23 FEBRUARY 2017
FLEMISH REGION | Major reform of the Flemish permit rules
For many years, various Flemish real estate projects (including retail, industrial, etc.) were subject to one or more permits: a building permit1 for the urban planning aspects, an environmental permit2 for the environmental/operational aspects, an allotment permit3 for the allotment aspects and a socio-economic permit4 for the (larger scale) retail activity aspects. As each permit was subject to its own legal procedural framework, this resulted in various separate, un-streamlined procedures. On 23 February 2017, the Flemish Decree of 25 April 2014 regarding integrated permits ("Omgevingsvergunningsdecreet", hereafter the "Decree") and its implementing decision of 23 February 2016 entered into force.5 The Decree fundamentally reforms the Flemish permit landscape: one single permit will "integrate" the previously distinct building permit, environmental permit and allotment permit. As of 1 January 2018, the integrated permit will cover a fourth aspect viz. the retail activity of certain projects.6 By way of preliminary remark, the Decree constitutes a procedural framework decree, as it provides for an integration of various distinct permit procedures. The substantive criteria for an application (is a permit required for the project in question?) and for the evaluation of the application (will the competent authority grant the permit and if so, under which modalities?) remain reflected in the specific sectoral rules.7 In this newsletter, we have a look at the Decree's impact.
1 "Stedenbouwkundige vergunning". 2 "Milieuvergunning". 3 "Verkavelingsvergunning". 4 "Vergunning handelsvestiging". 5 However, 302 out of the 308 Flemish communes postponed the implementation date with a few months. 6 Hence, as of 1 January 2018 it will no longer be possible to apply for a socio-economic permit. The integrated permit for certain retail activities is subject to a specific legal framework viz. the Flemish Decree of 15 July 2016 regarding the integral policy on commercial establishments. The provisions regarding the integrated permit for retail activities will enter into force as from 1 January 2018. 7 Such as the (updated) Flemish Zoning Code ("Vlaamse Codex Ruimtelijke Ordening") for urban planning aspects of the project and the Flemish Decree on General Provisions of Environmental Policy ("Vlaams Decreet houdende algemene bepalingen inzake Milieubeleid") for the environmental aspects of the project.
2. OVERVIEW OF THE NEW LEGAL FRAMEWORK
2.1 One integrated permit
When a contemplated project contains urban planning and/or environmental and/or allotment and/or retail activity aspects, the applicant will have to submit only one permit application with the competent authority. The application is to be submitted in a digital format. Such an application will trigger one single public enquiry8 and will result in the joint evaluation of all requested urban planning, environmental, allotment and/or retail activity aspects of the project. In particular for so-called "mixed projects" -- which include for example an urban planning aspect (e.g. structural renovation of the premises) and an environmental aspect (e.g. the installation of certain cooling systems in the premises) -- this new integrated permit procedure is a significant simplification compared to the current permit system where various applications run in parallel. The permit application will result in the delivery (or the refusal) of one integrated permit.
2.2 Two possible first instance procedures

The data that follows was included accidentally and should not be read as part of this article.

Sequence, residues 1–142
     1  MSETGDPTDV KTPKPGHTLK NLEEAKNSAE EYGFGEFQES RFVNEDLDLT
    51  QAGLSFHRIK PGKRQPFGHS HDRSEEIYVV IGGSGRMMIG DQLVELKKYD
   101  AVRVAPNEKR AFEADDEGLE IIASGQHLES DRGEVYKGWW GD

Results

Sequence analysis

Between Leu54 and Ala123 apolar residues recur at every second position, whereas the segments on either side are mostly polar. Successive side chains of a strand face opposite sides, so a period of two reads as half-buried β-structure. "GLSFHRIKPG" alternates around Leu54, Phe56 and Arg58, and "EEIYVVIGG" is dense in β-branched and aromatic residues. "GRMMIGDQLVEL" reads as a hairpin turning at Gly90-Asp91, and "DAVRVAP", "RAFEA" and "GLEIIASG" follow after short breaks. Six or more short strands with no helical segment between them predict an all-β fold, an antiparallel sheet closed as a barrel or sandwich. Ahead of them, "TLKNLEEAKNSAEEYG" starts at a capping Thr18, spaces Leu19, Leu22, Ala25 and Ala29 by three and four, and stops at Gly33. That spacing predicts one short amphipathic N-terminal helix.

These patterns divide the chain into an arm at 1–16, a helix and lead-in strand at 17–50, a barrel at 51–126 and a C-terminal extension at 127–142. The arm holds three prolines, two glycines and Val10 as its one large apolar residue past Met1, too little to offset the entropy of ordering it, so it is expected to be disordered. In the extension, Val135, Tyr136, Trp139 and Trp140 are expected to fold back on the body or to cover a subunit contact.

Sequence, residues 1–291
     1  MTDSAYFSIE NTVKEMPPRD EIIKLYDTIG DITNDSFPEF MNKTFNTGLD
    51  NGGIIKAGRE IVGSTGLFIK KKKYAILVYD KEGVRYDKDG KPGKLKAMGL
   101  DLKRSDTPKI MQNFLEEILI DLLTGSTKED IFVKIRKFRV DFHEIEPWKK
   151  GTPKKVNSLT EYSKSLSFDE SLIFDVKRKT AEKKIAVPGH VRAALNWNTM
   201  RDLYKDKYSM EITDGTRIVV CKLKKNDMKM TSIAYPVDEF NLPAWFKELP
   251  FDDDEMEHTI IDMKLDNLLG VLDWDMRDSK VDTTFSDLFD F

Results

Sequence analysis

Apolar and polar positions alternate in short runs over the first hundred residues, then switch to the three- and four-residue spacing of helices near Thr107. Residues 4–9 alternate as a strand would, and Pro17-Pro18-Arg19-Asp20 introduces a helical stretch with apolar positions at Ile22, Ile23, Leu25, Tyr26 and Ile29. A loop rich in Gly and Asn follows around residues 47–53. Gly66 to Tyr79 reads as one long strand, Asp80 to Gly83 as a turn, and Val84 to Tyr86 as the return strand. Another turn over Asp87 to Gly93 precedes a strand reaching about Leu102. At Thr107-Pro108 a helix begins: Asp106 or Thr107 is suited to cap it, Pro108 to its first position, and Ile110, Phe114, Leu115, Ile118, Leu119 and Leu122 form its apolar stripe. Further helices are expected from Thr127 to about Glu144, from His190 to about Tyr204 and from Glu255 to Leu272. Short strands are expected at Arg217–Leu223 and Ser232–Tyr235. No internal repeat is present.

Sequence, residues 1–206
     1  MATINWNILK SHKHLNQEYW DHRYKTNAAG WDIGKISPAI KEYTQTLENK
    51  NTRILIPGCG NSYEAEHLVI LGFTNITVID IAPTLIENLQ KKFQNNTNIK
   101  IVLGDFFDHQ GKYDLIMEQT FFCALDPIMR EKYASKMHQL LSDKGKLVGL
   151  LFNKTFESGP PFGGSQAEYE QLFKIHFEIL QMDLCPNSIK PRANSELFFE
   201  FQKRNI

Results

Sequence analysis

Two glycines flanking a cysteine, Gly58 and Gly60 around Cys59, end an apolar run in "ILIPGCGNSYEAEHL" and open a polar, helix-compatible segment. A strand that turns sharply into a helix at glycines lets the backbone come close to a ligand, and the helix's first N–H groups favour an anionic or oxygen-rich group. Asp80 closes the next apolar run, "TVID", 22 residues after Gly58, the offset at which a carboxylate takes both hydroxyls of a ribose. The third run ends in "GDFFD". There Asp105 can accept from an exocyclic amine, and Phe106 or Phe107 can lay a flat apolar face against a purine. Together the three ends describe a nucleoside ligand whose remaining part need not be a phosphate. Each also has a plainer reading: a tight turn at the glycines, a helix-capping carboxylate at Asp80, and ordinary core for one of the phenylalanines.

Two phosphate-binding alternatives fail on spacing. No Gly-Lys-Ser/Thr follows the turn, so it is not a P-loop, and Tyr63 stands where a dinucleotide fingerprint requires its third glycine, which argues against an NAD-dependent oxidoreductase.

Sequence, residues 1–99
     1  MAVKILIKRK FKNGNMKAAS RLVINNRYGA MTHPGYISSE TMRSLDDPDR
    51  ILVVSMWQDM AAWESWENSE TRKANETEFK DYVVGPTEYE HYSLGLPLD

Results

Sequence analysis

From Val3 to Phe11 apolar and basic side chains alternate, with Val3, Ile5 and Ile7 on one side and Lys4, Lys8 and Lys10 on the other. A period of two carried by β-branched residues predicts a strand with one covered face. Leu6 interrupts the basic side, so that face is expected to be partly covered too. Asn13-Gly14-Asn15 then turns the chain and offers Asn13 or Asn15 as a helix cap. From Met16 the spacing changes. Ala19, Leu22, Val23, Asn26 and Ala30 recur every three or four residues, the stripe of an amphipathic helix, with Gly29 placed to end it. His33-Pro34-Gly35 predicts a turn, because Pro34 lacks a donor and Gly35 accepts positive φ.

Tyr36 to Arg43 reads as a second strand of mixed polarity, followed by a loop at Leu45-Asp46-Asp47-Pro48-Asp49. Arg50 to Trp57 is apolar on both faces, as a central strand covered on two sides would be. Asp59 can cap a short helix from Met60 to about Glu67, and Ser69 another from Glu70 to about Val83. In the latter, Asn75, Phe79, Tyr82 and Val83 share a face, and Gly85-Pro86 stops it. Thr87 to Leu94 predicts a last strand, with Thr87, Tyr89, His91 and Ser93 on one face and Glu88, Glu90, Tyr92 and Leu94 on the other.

The Decree provides for only two possible first instance procedures viz. a standard procedure (with a public enquiry) and a simplified procedure (without public enquiry). The simplified procedure will only apply in a limited number of cases e.g. for limited changes to an already permitted project or for a project that only includes certain temporary activities or facilities. The below table summarizes the main procedural steps and timeframe9 for both procedures.
Competent authority to which the permit application is to be submitted
Competent authority provides applicant with a written declaration confirming that the application is admissible and complete (= start date of
Flemish Government, Provincial Deputation or College of Mayor and Aldermen (see further
point 2.3 below)
Max. 30 days
Environmental Impact Screening
Environmental Impact Reporting
Integrated Permit Commission
Extension of decision period What if no decision is taken within the decision
period? When does the applicant receive a copy of the
Waiting period before the permit can be final and enforceable
Max. 105 days as of start date if Integrated Permit Commission does not intervene
Max. 120 days as of start date if Integrated Permit Commission intervenes
+ 60 days if second public enquiry is needed or if "administrative loop" is applied (see further point 2.4 (iii) hereafter) Equals a permit refusal
Within max. 10 days as of the decision date 35 days as of the day following the posting of the permit at the premises, provided that no
appeal against the permit has been lodged. However, in case of appeal, the permit can only become final and enforceable when all appeals
have been definitively denied.
= = Never = Never Never 60 days as of start date
Never = =
In light of the above, a prudent applicant should take into account that if the competent authority exhausts the regulatory timeframe granted by law, it can take (i) approx. 5 months before the applicant knows if the permit is granted or (deemed to be) refused, and (ii) approx. 6 months before the permit granted can be final and enforceable. In practice these timeframes could be shorter or longer.
8 "Openbaar onderzoek". 9 Days stated are calendar days.
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2.3 Three different decision levels
The authority which is competent to receive an integrated permit application and to decide on such an application, is determined in light of the nature and the size of the project. The below table summarizes the three possibilities for first instance procedures (and the corresponding appeal bodies):